I’ve been in their service, lighting
Candle after candle against the fading
Light, hoping my thin streams of smoke
Will amaze, will gather against the yellowed
Ceiling and form a song I can keep
In my pocket, that I can pull out
When the river I once refused to weep by
Calls me to Peterborough once again.\
Dan Chelotti is the author of x (McSweeney's, 2013) and a chapbook, The Eights (Poetry Society of America, 2006).

Amy David- Don’t Believe Anything I Say
The truth is the crescent moon
was a toenail clipping
and some careless celestial smoker
had burned stars into the corduroy sky.
The truth is there was no music.
We danced to the garbage can rustle.
The truth is the wine was cheap
and the waitress cheaper.
Is heartache just the moment
you took away the lies?
The truth is it took me months
to tongue the taffy from my molar.
The truth is promises are a treadmill.
My heart is a busted oar.
My six-year-old-self dreamt of life
in a castle. The truth is the hummingbirds
are drunk. You wink like a filmstrip
and turntable in your sleep and missing
you feels like always needing to pee,
but anything that could melt
in my mouth doesn’t belong in my hands.
When I think about you now,
I have had it with poems
about the smell of rain.

Amy David- Circumstantial Evidence
A 64-year-old Florida woman call the emergency dispatch to report that she was having medical issues. When an
officer arrived at her home, she admitted that she had just called because she was lonely. She was subsequently charged with abuse of 911.
If I’d known that loneliness was a crime, I’d have a closet full of jumpsuits, orange
as the ring of rust where the elastic grabs at my thighs, my nails, jai alai long
and trained to pull a blade from a bar of Irish Spring. The bail money: a stack of Franklins,
deep, in the passenger’s side nightstand, the arm’s reach so empty, good as buried
in Jimmy Hoffa’s tie clip. A once-in-a-while friend buys me a $2 draft but the tab in his name
makes for a lousy alibi. The district attorney looks strangely like the first man to kiss me,
or actually, the boy, in green plaid Converse All-Stars atop the storm drain cover where we met up
between free swim and horseback riding. Remember Hi Tops? Remember thinking
that a boyfriend would mean a better seat at the lunch table? Remember when it did, for a while,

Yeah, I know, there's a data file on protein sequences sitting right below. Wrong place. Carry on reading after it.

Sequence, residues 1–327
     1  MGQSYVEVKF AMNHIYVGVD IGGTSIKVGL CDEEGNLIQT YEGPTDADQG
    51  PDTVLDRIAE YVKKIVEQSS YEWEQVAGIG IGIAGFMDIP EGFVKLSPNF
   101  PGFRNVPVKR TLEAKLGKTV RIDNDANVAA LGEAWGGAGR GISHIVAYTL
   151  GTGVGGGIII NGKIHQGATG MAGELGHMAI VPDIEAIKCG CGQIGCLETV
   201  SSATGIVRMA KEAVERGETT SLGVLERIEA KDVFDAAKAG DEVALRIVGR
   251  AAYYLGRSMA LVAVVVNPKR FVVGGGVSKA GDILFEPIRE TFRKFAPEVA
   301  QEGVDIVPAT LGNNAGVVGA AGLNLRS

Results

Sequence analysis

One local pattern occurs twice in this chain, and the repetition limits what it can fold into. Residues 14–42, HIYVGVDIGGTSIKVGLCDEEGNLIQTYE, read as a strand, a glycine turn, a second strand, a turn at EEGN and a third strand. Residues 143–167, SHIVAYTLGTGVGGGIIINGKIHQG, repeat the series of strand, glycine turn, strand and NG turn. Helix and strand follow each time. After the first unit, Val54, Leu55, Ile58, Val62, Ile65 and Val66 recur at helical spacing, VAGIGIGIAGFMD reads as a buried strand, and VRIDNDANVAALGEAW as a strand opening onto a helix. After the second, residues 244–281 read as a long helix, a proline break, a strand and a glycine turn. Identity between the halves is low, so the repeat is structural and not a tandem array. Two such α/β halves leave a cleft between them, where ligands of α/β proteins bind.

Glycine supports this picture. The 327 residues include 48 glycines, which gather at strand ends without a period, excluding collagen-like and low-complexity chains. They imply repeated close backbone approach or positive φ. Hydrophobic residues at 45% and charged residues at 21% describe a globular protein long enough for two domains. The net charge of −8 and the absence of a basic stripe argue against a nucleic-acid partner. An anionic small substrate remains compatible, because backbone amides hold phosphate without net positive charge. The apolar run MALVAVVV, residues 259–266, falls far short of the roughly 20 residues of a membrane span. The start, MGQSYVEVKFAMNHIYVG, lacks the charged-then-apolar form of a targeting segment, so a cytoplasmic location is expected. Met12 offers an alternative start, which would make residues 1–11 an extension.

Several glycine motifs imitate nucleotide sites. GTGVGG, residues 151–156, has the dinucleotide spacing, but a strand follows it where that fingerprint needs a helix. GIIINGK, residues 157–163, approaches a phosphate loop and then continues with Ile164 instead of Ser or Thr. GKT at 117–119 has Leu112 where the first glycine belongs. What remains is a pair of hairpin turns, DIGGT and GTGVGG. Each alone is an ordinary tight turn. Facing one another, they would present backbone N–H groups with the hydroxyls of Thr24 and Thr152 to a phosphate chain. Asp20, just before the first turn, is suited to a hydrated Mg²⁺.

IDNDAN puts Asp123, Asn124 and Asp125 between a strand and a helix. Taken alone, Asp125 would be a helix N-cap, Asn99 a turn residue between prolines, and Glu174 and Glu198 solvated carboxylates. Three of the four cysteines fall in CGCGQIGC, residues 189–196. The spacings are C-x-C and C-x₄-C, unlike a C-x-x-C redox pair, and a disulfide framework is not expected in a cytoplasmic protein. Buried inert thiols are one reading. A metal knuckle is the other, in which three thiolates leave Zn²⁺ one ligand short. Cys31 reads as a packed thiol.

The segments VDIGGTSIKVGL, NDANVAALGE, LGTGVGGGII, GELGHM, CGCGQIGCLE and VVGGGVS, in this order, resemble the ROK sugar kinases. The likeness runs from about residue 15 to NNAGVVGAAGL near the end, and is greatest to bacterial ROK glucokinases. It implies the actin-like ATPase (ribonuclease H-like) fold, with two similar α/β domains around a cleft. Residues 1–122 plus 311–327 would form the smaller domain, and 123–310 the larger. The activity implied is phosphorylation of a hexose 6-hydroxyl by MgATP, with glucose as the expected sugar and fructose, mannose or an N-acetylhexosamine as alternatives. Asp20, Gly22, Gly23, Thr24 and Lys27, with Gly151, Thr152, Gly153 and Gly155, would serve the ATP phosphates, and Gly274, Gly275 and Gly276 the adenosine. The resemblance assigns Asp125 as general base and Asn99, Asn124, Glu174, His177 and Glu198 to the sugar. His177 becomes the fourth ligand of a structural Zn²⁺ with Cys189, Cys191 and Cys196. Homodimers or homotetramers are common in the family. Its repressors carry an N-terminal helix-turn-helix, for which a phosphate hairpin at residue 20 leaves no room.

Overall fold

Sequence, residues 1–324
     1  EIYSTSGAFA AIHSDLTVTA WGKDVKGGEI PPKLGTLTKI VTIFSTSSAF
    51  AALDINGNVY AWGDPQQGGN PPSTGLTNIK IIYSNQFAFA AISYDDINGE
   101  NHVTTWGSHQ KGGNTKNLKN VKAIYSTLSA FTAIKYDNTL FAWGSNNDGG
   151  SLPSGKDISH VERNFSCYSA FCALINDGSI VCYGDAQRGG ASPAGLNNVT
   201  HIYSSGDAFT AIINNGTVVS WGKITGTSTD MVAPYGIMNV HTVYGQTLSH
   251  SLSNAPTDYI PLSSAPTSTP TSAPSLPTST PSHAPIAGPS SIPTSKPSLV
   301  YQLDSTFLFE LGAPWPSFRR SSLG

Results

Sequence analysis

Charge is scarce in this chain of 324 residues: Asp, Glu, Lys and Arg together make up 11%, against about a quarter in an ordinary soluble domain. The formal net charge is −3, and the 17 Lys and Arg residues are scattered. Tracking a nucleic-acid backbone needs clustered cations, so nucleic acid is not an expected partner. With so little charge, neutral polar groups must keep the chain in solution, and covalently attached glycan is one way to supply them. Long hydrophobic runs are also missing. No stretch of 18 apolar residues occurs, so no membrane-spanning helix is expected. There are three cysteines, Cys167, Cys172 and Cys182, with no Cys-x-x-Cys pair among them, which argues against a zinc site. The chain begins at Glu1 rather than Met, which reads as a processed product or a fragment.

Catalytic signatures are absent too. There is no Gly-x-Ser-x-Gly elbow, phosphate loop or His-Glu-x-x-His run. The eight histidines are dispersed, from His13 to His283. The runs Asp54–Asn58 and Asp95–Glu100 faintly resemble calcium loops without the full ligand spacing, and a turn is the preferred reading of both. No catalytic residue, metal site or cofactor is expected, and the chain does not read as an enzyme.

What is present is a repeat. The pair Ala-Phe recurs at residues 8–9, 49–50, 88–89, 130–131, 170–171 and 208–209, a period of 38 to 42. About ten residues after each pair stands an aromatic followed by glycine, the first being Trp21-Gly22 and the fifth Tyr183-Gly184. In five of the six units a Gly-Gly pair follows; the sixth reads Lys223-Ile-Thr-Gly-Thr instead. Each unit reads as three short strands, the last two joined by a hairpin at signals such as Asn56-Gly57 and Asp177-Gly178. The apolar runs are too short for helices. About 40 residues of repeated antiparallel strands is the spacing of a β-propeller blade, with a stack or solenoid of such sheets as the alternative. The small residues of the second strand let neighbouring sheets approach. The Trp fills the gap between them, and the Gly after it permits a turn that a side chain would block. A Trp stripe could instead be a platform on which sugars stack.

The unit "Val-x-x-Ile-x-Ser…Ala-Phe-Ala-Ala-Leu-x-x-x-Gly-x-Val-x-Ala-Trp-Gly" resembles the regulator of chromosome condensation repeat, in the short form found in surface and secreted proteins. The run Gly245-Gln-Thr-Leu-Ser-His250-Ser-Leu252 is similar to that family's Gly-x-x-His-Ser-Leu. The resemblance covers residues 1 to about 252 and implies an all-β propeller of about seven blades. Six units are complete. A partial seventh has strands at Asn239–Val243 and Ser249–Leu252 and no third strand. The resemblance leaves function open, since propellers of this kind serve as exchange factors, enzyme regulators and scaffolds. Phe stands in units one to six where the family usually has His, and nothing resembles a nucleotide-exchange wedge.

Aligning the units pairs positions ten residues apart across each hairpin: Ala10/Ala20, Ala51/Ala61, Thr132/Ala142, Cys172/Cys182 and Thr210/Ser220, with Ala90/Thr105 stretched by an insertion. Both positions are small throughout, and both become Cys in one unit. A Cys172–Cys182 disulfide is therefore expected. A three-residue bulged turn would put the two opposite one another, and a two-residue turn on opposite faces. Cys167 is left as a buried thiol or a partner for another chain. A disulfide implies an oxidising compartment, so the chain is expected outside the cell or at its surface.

and that summer I learned what a hand job was, not from him, from the girls
in my cabin who teased Becca Markovitz for squeezing so hard he cried, the same boy,
but after I had told him no, or really, made Cara tell him while I hid on my bottom bunk, insides
pounding like a dessert spoon in the garbage disposal. I wonder now what became of him,
the boy with an Israeli accent, the innocent stand-in for every re-corked bottle, every joke
that didn’t get a laugh, every wire violently stripped of its colored coat. Of course I wonder, now
that I find myself untouched, not in the way that means I’m always on time, or the way
that gets
me auctioned off to some magnate from a country with a shortage of brides,
but the
way that turns memory into the exact change I need for a can of Diet Coke, the
I keep
checking the fuse box when all of the lights are on, the way I late-night
cradle a stuffed
bear who
in turn cradles a velvet heart stamped with those three obvious words never
by the
man who gave it to me. I am certain of nothing I have done, except that I have
done those things. I have dropped all of the teacups but none of the saucers,
swept the woodchips
from the
bottom of the slide, written my magnum opus on an Etch-a-Sketch just before
fasten seatbelt sign. 3am smells like milk gone just a tiny bit sharp and
down the sink, the way un-soaked cornflakes stick to the roof of my mouth.
I am a
vegan’s steak knife, a teetotaler's flask, the wristwatch on a death row
Amy David- Anyone Worth Doing is Worth Doing Madly
When you told me it was over, the bedsheets tumbled
inside-out on the mattress and the hot water
bill tripled in a single day. I put your lips in a jar
and marked them for sale with a sign that said Gently Used
and Sometimes Roughly Used, set
the asking price at thirty-one doubts
or best offer and got the chance to fit back into
my skinny jeans. I told myself that you are doing
even worse, it’s an easy lie, but one
with spurs: this is me you are talking to
this can still work, let me turn all the clocks
forward an hour and hand you the daylight.
Say which inch of me sounds like a minor key,
I will tune myself black and blue. The book of poems
you gave back to me is even worse
for the wear, barrelled into you pocket, yielding
spine, at least you once said you loved it. I knew
you would, like I knew you’d chew through
the brake lines. Dummy, I failed the crash test. I have
no right to be this parceled, we didn’t even make it
through a pack of birth control, the life
of a mealworm, the money-back guarantee
on a new set of tires. I am pretending that it started
when you asked, that we were hand-drawn
in all the months before, and even harder
I am pretending we will be again: flat
and with obvious edges. Did you know when
they animate a character, they only draw her
torso once? It saves time that way, to slap on
different limbs and twistings of her face
so she can lindy hop and gossip and fuck and sob
but the core of her never changes. I meant
it when I told you I’d do it all over again: the lost
hours of dreaming, Christmas Eve shivering
with anger, the shoes that were practically
never worn, and still, the meteor shower,
that first night together on the beach, waiting
in twenty degree windchill for something
to flash across the sky; I wanted you so badly
to believe me. And when the first point of light